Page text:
Trichlorethylene was marketed as 'Ecco 1500 Anti-Static Film Cleaner and Conditioner' until 2009, for use in automatic movie film cleaning machines, and for manual cleaning with lint-free wipes.

Perhaps the greatest use of TCE has been as a degreaser for metal parts. 
The demand for TCE as a degreaser began to decline in the 1950s in favor of the less toxic 1,1,1-trichloroethane. 

However, 1,1,1-trichloroethane production has been phased out in most of the world under the terms of the Montreal Protocol, and as a result Trichlorethylene has experienced some resurgence in use as a degreaser.
Trichlorethylene has also been used in the United States to clean kerosene-fueled rocket engines (TCE was not used to clean hydrogen-fueled engines such as the Space Shuttle Main Engine). 

During static firing, the RP-1 fuel would leave hydrocarbon deposits and vapors in the engine. 
These deposits had to be flushed from the engine to avoid the possibility of explosion during engine handling and future firing. 

Trichlorethylene was used to flush the engine's fuel system immediately before and after each test firing. 
The flushing procedure involved pumping TCE through the engine's fuel system and letting the solvent overflow for a period ranging from several seconds to 30–35 minutes, depending upon the engine. 

For some engines, the engine's gas generator and liquid oxygen (LOX) dome were also flushed with TCE prior to test firing.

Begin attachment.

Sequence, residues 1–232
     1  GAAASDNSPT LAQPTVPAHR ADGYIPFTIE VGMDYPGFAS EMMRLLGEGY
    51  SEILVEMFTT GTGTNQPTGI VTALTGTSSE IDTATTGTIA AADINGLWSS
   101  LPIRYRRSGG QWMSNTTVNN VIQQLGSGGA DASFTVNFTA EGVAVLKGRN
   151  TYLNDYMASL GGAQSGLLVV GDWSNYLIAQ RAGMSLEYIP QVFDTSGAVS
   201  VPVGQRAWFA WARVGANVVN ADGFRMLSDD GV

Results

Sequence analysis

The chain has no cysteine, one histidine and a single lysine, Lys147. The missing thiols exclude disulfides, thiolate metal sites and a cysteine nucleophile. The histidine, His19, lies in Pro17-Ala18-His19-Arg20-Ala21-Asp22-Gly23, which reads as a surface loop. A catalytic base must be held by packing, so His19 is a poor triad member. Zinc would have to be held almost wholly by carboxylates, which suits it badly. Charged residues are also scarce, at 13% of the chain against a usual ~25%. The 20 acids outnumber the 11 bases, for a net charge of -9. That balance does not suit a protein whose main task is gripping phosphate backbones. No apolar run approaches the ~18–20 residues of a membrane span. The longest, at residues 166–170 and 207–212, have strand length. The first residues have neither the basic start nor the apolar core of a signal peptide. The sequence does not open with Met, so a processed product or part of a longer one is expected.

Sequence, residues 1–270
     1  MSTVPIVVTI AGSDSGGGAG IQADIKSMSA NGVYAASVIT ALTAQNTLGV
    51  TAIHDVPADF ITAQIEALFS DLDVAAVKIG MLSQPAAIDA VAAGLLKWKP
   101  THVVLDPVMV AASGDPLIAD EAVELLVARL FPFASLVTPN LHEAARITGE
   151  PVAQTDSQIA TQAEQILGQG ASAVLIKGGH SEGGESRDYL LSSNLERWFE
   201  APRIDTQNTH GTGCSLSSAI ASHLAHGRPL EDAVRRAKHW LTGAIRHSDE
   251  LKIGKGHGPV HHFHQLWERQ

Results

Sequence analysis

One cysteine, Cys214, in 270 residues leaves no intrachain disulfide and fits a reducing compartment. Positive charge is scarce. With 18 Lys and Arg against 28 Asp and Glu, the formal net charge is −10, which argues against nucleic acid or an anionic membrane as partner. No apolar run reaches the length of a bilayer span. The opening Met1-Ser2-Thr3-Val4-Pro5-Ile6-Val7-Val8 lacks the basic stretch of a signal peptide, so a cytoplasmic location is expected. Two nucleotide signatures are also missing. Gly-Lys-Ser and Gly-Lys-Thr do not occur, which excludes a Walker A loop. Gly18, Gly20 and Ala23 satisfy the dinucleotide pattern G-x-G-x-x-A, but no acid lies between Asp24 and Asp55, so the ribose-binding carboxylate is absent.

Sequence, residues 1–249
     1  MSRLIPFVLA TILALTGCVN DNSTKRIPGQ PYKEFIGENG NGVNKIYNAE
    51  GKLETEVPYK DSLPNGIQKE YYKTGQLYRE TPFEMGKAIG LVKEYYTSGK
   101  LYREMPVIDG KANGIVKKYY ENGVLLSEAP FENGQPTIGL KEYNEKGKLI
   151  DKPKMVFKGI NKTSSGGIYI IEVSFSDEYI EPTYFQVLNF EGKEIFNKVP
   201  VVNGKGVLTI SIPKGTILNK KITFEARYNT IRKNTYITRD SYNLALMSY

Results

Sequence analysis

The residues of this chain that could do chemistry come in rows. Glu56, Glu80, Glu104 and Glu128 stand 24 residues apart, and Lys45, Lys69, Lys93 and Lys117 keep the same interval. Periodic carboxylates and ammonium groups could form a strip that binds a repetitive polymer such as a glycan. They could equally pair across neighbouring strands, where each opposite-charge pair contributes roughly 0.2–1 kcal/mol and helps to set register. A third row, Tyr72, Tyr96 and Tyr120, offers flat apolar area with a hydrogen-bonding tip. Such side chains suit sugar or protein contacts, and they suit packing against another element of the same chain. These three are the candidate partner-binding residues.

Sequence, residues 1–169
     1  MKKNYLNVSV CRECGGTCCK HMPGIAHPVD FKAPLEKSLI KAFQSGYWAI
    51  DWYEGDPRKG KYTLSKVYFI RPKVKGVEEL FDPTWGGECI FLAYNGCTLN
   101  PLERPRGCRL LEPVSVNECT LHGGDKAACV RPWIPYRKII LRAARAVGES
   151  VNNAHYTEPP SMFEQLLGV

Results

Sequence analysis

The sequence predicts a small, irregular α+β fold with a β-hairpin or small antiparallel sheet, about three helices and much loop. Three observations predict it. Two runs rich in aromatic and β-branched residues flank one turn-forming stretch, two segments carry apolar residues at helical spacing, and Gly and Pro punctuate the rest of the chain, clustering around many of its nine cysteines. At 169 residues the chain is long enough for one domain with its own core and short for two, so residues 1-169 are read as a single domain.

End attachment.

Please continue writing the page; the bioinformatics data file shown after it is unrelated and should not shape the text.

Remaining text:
The F-1 rocket engine had Trichlorethylenes LOX dome, gas generator, and thrust chamber fuel jacket flushed with TCE during launch preparations.

Trichlorethylene is also used in the manufacture of a range of fluorocarbon refrigerants[13] such as 1,1,1,2-tetrafluoroethane more commonly known as HFC 134a. 
Trichlorethylene was also used in industrial refrigeration applications due to its high heat transfer capabilities and its low temperature specification. 

Many industrial refrigeration applications used Trichlorethylene up to the 1990s in applications such as car testing facilities.
The physical and chemical characteristics of trichlorethylene are discussed together with its uses in industry and medical practice. 

Chemical and physical methods of the estimation of trichlorethylene in air have been described, including the use of gas detector tubes, which today is the method most commonly employed.
The metabolism of trichlorethylene was systematically investigated by Butler (1948), who in animals established the identity of the main metabolites appearing in the urine, Powell having also done this in human subjects. 

The excretion of these metabolites has since been repeatedly investigated, but the intermediate breakdown products within the body as well as the organ mainly responsible still remain uncertain.
Trichlorethylene (CICH=CCl2) is a colorless liquid with a chloroform-like odor. 

Trichlorethylene may cause irritation to the eyes and skin. 
Exposure to high concentrations can cause dizziness, headaches, sleepiness, confusion, nausea, unconsciousness, liver damage, and even death. 

Trichlorethylene is a known carcingen. Workers may be harmed from exposure to Trichlorethylene. 
The level of exposure depends upon the dose, duration, and work being done.